Officers who die from COVID-19 could be eligible for federal death benefits
Deaths resulting from the coronavirus will generally be ruled as line of duty deaths, according to new guidance from the Bureau of Justice
By Amanda Lien
WASHINGTON — New guidance from the U.S. Department of Justice states that law enforcement officers and other first responders who die of COVID-19 and file a claim through the Public Safety Officers’ Benefit program will be eligible for death benefits in most cases.
To establish eligibility, the Public Safety Officers’ Benefits Act requires evidence showing that the contraction of COVID-19 more likely than not resulted from an officer’s exposure to the virus occurred while performing a line of duty action. The guidance document, which was released Thursday, states that the Bureau of Justice Assistance will, “in general,” find that an officer contracted COVID-19 in the line of duty.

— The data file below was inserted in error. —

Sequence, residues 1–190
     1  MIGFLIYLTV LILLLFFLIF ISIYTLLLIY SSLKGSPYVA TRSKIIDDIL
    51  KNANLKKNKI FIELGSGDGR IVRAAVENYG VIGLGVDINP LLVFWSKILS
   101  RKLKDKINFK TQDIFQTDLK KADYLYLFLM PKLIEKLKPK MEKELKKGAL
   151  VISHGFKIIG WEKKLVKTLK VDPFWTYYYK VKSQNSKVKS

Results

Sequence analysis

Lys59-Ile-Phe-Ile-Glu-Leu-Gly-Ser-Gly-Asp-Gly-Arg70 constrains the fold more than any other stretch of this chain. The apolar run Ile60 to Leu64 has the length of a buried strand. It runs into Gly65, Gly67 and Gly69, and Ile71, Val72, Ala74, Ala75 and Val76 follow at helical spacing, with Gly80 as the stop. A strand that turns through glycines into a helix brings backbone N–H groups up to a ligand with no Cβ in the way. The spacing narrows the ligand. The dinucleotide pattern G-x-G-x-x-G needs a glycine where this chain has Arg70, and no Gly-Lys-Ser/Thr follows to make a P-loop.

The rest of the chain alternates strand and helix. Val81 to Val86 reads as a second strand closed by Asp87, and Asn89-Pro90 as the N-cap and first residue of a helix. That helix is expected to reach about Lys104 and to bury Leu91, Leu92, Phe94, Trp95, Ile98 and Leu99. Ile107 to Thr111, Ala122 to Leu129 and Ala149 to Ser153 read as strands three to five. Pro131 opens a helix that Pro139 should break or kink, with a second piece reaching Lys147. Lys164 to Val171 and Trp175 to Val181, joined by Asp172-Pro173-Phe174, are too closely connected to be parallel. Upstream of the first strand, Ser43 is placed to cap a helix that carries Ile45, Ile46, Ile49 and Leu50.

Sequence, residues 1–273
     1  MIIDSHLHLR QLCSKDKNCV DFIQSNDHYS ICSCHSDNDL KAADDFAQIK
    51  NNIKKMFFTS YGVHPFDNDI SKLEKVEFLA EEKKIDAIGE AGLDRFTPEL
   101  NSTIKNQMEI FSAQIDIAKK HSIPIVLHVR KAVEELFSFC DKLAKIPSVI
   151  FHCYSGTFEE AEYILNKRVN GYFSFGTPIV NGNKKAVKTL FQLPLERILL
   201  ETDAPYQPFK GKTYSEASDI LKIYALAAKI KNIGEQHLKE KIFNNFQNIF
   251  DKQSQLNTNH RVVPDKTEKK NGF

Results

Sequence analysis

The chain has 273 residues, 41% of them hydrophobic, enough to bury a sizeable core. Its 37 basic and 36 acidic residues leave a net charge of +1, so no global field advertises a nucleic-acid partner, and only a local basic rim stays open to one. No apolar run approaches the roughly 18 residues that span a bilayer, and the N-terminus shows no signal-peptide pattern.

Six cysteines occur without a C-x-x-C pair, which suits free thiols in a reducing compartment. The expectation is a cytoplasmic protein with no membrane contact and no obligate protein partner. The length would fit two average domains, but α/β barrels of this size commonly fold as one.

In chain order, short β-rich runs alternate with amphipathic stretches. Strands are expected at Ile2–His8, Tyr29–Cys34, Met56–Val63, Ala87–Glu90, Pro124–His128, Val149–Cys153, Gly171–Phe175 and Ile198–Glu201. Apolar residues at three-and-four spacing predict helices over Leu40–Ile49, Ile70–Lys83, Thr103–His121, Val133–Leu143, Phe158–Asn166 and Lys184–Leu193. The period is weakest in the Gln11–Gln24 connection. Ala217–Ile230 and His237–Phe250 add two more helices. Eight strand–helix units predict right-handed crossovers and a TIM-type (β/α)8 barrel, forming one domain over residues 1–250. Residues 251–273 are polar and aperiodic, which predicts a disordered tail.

Patrick Yoes, the National President of the Fraternal Order of Police, said the announcement was a “vitally important” one for law enforcement officers serving during the unprecedented pandemic.
"I hope this assurance will bring some comfort and peace of mind to our officers that their families will be taken care of should they contract this horrible virus in the line of duty,” he said in a statement. "We are extremely grateful, as always, to President Trump for his decisive leadership, especially in this time of crisis and for the exceptional team he has put together at the Justice Department."
The Public Safety Officers' Benefits Program provides death benefits to the eligible survivors of public safety officers who are fatally injured in the line of duty. The program also provides disability benefits for public safety officers catastrophically injured in the line of duty, as well as education benefits to eligible spouses and children of those fallen and catastrophically injured officers.